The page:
Experts discussed novel options such as CAR T-cell therapy for optimizing treatment in MCL, myelofibrosis, and ALL.
This content originally appeared on our sister site, OncLive.
Optimized, tailored therapeutics that place a greater emphasis on patient-specific characteristics, such as risk and genomic status are becoming available for patients with hematologic malignancies.
A panel of experts from Memorial Sloan Kettering Cancer Center discussed these emerging options during an OncLive® Institutional Perspectives in Cancer webinar on leukemia and lymphoma.
During the meeting, faculty spotlighted updates and ongoing research efforts in chronic lymphocytic leukemia (CLL), relapsed/refractory mantle cell lymphoma (MCL), and myelofibrosis, as well as the current and potential future state of CAR T-cell therapy in leukemia and lymphoma.
Notably, the chair of the event, Anthony Mato, MD, MSCE, director of the CLL Program and a hematologic oncologist at Memorial Sloan Kettering Cancer Center (MSK), highlighted the importance of collaboration between medical oncologists as the field continues to grow.
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Mato, was joined by fellow MSK faculty:
During the meeting, the panelists provided key take-away messages from their presentations on CLL, MCL, myelofibrosis, and CAR T-cell therapy and shed light on some of the most promising research in their respective fields.
Kumar: Patients with relapsed/refractory MCL, particularly those with high-risk disease, tend to have poor survival outcomes. However, novel therapies, such as BTK inhibitors, venetoclax, and CAR T-cell therapy, have improved outcomes for this patient population.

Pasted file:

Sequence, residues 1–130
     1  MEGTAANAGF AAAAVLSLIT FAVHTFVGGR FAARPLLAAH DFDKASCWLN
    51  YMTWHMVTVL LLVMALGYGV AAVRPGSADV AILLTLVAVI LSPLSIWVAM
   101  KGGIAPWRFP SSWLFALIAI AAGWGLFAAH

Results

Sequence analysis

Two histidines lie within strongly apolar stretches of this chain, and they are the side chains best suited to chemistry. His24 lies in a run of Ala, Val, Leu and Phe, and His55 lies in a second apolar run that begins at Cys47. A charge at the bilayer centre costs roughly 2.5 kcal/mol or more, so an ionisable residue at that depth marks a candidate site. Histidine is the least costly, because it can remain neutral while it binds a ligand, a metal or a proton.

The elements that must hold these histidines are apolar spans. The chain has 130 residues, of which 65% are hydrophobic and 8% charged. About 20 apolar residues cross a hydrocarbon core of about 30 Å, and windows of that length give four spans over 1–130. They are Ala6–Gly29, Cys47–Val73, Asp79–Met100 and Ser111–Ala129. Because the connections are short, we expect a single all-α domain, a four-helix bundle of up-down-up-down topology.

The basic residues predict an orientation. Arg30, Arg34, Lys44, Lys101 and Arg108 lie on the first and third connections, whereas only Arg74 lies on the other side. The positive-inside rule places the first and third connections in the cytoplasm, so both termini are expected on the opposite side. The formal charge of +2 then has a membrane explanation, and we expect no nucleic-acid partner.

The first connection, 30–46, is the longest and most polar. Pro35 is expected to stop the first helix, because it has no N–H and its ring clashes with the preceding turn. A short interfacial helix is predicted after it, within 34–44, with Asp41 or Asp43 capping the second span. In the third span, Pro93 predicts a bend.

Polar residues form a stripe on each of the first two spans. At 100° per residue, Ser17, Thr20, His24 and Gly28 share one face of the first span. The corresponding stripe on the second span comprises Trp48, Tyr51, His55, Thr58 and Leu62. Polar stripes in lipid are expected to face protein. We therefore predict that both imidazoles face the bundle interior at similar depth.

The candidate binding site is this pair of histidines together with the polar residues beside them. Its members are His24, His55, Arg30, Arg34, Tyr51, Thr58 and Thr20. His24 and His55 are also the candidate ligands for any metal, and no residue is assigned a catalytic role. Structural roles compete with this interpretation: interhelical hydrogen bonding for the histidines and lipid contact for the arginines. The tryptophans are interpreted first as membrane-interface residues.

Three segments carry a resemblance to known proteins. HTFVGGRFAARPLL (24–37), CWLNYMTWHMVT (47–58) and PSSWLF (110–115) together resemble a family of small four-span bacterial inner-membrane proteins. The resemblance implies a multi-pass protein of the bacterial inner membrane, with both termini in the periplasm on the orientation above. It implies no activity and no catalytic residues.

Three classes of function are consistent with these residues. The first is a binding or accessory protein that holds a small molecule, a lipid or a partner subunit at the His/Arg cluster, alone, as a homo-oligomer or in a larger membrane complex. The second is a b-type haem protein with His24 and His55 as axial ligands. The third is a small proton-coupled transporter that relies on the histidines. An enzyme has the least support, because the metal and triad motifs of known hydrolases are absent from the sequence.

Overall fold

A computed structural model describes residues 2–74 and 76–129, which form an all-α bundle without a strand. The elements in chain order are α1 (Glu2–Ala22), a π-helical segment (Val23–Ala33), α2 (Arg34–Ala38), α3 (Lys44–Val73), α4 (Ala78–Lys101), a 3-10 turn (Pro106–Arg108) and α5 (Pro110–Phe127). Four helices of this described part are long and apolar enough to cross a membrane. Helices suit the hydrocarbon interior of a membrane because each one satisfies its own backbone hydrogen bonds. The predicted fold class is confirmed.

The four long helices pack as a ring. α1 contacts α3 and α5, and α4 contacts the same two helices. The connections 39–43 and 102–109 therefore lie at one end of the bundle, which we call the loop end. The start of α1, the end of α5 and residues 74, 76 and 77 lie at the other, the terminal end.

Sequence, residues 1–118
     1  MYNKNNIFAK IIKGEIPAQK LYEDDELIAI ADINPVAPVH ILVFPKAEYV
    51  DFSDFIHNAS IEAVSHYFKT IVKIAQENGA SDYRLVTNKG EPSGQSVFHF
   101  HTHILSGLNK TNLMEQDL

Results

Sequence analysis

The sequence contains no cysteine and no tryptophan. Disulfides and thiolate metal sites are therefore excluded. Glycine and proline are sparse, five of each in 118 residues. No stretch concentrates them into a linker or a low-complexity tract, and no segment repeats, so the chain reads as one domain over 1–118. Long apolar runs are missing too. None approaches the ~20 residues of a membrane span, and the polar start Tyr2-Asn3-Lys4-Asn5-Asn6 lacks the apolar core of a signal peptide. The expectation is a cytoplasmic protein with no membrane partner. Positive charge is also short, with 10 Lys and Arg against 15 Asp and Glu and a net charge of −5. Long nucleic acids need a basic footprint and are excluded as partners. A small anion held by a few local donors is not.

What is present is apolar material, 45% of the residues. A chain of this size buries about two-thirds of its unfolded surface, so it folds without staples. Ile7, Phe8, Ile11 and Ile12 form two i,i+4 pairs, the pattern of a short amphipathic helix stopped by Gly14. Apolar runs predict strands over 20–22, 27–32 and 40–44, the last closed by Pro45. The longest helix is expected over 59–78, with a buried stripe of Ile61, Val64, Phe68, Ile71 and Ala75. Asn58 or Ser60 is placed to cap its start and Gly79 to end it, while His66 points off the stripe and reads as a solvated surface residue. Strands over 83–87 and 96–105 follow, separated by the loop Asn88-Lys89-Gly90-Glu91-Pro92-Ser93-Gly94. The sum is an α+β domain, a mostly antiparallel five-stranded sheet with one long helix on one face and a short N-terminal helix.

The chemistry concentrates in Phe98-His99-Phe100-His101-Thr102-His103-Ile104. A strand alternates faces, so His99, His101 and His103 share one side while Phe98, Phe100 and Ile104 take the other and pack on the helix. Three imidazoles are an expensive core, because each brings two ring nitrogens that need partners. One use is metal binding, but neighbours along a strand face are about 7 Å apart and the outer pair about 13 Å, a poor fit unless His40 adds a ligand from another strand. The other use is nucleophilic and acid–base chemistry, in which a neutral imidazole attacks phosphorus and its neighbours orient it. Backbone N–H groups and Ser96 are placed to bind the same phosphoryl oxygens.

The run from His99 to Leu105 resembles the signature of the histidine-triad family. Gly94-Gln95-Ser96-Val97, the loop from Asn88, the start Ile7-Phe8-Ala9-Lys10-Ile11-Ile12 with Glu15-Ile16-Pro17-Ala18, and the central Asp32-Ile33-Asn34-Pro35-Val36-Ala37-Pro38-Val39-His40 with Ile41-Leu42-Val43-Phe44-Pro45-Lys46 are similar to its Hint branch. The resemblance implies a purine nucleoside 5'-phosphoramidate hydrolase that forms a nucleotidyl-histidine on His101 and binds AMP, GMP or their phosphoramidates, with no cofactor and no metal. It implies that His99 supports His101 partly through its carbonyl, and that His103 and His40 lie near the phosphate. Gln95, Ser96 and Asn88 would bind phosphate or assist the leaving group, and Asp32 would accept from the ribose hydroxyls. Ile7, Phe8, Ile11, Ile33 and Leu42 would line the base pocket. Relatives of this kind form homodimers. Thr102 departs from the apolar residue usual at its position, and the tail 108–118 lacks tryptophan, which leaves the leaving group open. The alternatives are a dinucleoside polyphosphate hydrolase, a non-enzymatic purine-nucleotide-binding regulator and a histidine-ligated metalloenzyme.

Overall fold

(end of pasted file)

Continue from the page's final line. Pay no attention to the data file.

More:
To further advance this field, ongoing clinical trials are evaluating novel combinations with BTK inhibitors plus venetoclax, PI3K inhibitors, and CDK4/6 inhibitors. Combination strategies with venetoclax, lenalidomide [Revlimid], and rituximab [Rituxan] are also under investigation. To improve upon the efficacy observed with the FDA-approved CAR T-cell therapy brexucabtagene autoleucel [Tecartus], CAR T-cell therapy is being evaluated in combination with novel agents, as well as earlier on in the disease course for patients with high-risk MCL. Finally, bispecific antibodies could offer another tool to treat patients with MCL.
Rampal: The major point I would say is that using genomics is now a standard of care and it is fundamental to the care of patients with myelofibrosis. We need to go beyond just looking for JAK1/2 mutations; we need to look at all the other mutations available. That gives us a sense of prognosis.
I would encourage physicians to think about repeating genomic testing during a patient’s course because we know that genomics can evolve, but we don’t always test for genomic evolution. The reason for that is that we may say at one point that a patient looks relatively low risk, but genetically, their disease may evolve and change the patient’s risk. Even though things might seem stable, clinically, in terms of blood counts, there may be a genomic evolution going on that could be an early warning that the disease itself is going to progress and transform.
Park: In relapsed/refractory B-cell acute ALL, the FDA-approved, CD19-directed CAR T-cell therapy tisagenlecleucel [Kymriah] induced a CR rate of approximately 80%, even after patients received blinatumomab [Blincyto] and inotuzumab ozogamicin [Besponsa]. Several other phase 1/2 clinical trials are ongoing, evaluating CAR T-cell therapy for this patient population.
In relapsed/refractory T-cell ALL, CAR T-cell therapies directed toward CD7, CD5, CD4, and CD30 are under investigation.
Notably, patients with a low burden of disease appear to derive the most clinical benefit from CAR T-cell therapy, as well as have longer remissions with lower rates of toxicity. As such, CAR T-cell therapy should be considered early for these patients to optimize efficacy and safety.
Finally, novel CAR T-cell therapies, such as affinity-tuned CD19-directed CARs, dual antigen CD19-22 CARs, off-the-shelf products, and natural killer cell–based products are being evaluated to potentially reduce rates of relapse and improve tolerability. However, with the currently available products, prophylactic use of cytokine-directed therapies can be successful in reducing the rates and severity of cytokine release syndrome and neurotoxicity.